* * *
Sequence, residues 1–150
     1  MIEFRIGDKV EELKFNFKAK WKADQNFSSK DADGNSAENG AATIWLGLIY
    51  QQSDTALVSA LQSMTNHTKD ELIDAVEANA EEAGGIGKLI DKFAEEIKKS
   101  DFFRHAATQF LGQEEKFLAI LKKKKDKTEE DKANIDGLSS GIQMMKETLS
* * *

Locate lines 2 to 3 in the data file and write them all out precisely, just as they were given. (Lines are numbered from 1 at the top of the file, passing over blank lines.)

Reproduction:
     1  MIEFRIGDKV EELKFNFKAK WKADQNFSSK DADGNSAENG AATIWLGLIY
    51  QQSDTALVSA LQSMTNHTKD ELIDAVEANA EEAGGIGKLI DKFAEEIKKS